"When My Parents Split Up" is a HuffPost series that explores what it's like to have your parents divorce at all ages, from infancy to adulthood. Want to share your experience as a child of divorce? Email us at firstname.lastname@example.org.
Today, Mary B. is a freelance essayist who writes about the messy but wonderful work of motherhood. When she's not writing, the happily married author is busy raising her little boy with her husband by her side.
Her own childhood, however, was quite different. From age five onward, Mary -- who asked to be referred to by first name only out of consideration for her parents -- was raised by a tired but incredibly loving single mom. Below, the 31-year-old writer shares her experience and offers her best advice for divorced parents struggling to keep the peace for their kids' sake.
Breaking The News:
"My father was rarely around so his absence at the dinner table that night wasn't particularly new. I do remember my mother trying to explain and then breaking down crying. I have two siblings and my sister was older. She immediately understood what was going on. She screamed with anger and then with heartbreak and I held my 2-year-old brother in my lap and ate an ice cream sandwich. There is a picture from that day and we look like that happiest children. It was before our world changed so I guess we kind of were."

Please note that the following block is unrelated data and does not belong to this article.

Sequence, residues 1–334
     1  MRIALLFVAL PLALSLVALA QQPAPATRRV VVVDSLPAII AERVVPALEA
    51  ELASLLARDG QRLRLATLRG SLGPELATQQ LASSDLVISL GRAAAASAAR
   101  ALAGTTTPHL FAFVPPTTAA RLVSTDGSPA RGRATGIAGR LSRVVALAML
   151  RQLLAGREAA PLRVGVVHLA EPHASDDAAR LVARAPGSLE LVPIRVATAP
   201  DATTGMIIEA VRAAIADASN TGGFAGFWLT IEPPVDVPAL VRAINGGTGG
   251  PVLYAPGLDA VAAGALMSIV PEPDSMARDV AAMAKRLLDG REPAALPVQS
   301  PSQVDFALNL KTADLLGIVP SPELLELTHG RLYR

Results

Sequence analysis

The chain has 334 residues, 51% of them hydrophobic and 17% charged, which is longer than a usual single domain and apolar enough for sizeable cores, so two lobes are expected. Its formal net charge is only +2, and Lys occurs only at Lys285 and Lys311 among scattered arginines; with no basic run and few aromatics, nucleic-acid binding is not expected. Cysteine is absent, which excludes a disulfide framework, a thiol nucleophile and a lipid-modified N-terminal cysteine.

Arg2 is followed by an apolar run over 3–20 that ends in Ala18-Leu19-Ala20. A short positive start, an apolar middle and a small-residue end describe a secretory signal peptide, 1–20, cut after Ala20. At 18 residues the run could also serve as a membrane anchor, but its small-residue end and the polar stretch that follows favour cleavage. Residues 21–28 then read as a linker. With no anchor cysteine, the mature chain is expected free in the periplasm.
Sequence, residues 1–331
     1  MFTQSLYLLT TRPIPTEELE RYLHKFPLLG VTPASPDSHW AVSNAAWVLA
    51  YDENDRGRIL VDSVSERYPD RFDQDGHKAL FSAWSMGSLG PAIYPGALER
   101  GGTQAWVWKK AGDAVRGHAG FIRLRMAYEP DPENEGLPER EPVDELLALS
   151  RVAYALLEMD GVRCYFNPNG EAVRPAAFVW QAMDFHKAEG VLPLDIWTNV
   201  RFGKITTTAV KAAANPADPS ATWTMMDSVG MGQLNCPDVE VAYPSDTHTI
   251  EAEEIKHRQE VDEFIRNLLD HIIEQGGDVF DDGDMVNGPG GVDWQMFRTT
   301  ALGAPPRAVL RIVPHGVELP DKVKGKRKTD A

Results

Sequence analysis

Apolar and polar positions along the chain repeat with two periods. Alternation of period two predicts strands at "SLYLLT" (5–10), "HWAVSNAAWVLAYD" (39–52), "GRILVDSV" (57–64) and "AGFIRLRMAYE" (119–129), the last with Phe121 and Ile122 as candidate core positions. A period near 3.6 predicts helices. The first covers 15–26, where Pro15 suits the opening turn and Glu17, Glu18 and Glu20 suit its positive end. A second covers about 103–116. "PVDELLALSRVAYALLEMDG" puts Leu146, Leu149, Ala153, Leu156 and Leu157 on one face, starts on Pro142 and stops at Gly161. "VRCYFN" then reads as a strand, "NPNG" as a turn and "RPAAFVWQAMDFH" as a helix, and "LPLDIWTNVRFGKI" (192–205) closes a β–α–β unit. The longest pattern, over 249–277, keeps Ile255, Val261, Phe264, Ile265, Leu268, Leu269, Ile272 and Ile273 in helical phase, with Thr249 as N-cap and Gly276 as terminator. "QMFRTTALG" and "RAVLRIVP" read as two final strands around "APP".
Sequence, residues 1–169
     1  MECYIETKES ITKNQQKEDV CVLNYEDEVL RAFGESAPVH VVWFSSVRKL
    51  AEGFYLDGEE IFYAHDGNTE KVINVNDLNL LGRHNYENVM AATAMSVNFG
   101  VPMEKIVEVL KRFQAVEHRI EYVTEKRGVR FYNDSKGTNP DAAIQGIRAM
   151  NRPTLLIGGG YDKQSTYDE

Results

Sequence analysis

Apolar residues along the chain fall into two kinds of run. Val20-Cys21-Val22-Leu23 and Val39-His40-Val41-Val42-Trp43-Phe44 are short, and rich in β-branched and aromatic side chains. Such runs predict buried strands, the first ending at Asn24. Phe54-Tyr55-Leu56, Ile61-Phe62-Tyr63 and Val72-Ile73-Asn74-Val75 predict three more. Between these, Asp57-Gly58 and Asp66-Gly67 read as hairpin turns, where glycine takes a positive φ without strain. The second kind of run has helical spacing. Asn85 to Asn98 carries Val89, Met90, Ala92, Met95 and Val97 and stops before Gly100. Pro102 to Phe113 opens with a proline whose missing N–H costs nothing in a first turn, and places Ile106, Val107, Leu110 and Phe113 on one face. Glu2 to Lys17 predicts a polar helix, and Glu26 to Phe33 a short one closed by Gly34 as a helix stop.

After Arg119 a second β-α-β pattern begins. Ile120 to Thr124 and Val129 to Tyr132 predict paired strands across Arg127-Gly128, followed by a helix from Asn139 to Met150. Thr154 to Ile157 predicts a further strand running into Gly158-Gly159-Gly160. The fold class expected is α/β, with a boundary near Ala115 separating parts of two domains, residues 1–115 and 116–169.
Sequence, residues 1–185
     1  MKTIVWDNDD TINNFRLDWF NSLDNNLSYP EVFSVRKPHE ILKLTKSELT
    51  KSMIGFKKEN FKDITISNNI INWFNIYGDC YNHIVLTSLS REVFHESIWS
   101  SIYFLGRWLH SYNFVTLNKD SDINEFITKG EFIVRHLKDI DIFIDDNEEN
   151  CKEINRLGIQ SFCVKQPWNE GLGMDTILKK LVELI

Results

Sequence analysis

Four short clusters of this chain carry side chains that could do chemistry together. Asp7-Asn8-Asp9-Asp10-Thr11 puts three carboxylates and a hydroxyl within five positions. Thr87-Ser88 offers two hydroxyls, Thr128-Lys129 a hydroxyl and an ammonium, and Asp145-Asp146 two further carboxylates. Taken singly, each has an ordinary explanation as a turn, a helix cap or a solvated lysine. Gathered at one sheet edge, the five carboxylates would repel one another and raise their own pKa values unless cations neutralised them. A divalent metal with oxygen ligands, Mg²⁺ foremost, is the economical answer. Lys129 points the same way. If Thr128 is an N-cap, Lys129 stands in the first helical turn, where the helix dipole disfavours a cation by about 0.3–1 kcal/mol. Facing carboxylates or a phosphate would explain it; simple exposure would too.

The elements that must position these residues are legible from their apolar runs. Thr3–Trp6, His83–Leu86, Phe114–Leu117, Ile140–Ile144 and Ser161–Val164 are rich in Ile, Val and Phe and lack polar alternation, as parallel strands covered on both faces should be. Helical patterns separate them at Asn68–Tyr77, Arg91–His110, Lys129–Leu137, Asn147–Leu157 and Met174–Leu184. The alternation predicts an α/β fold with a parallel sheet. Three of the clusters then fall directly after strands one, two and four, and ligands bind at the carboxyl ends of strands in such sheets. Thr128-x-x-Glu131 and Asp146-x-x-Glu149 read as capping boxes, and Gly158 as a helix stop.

The Custody Arrangement:
The First Few Years:
"The first few years were the easiest on me and my siblings because my mother still lived in the same neighborhood as my father. I think those times may have been harder on my parents. Because I had more access to my dad, I didn't notice much of a change. Part of the ease of transition was due to my age. I was too young to fully comprehend the changes I was facing and didn't really struggle with the impact of divorce until I was older."
"I think I sought some affirmation and love from men. The absence of my father meant I didn't see a healthy marriage to learn and model my relationships after. I struggled through the teenage years, until my faith set a better course for my heart in college."
Her Relationship With Her Parents Today:
"My advice to divorced parents is this: Get your kids therapy. And no matter how angry and hurt you are, compartmentalize those emotions away from your children. Unless your spouse was abusive, there is no need for demonizing your ex. Children suffer when their confidence in their parents is fractured. Co-parenting can make for very happy children, even in the middle of a nasty divorce."
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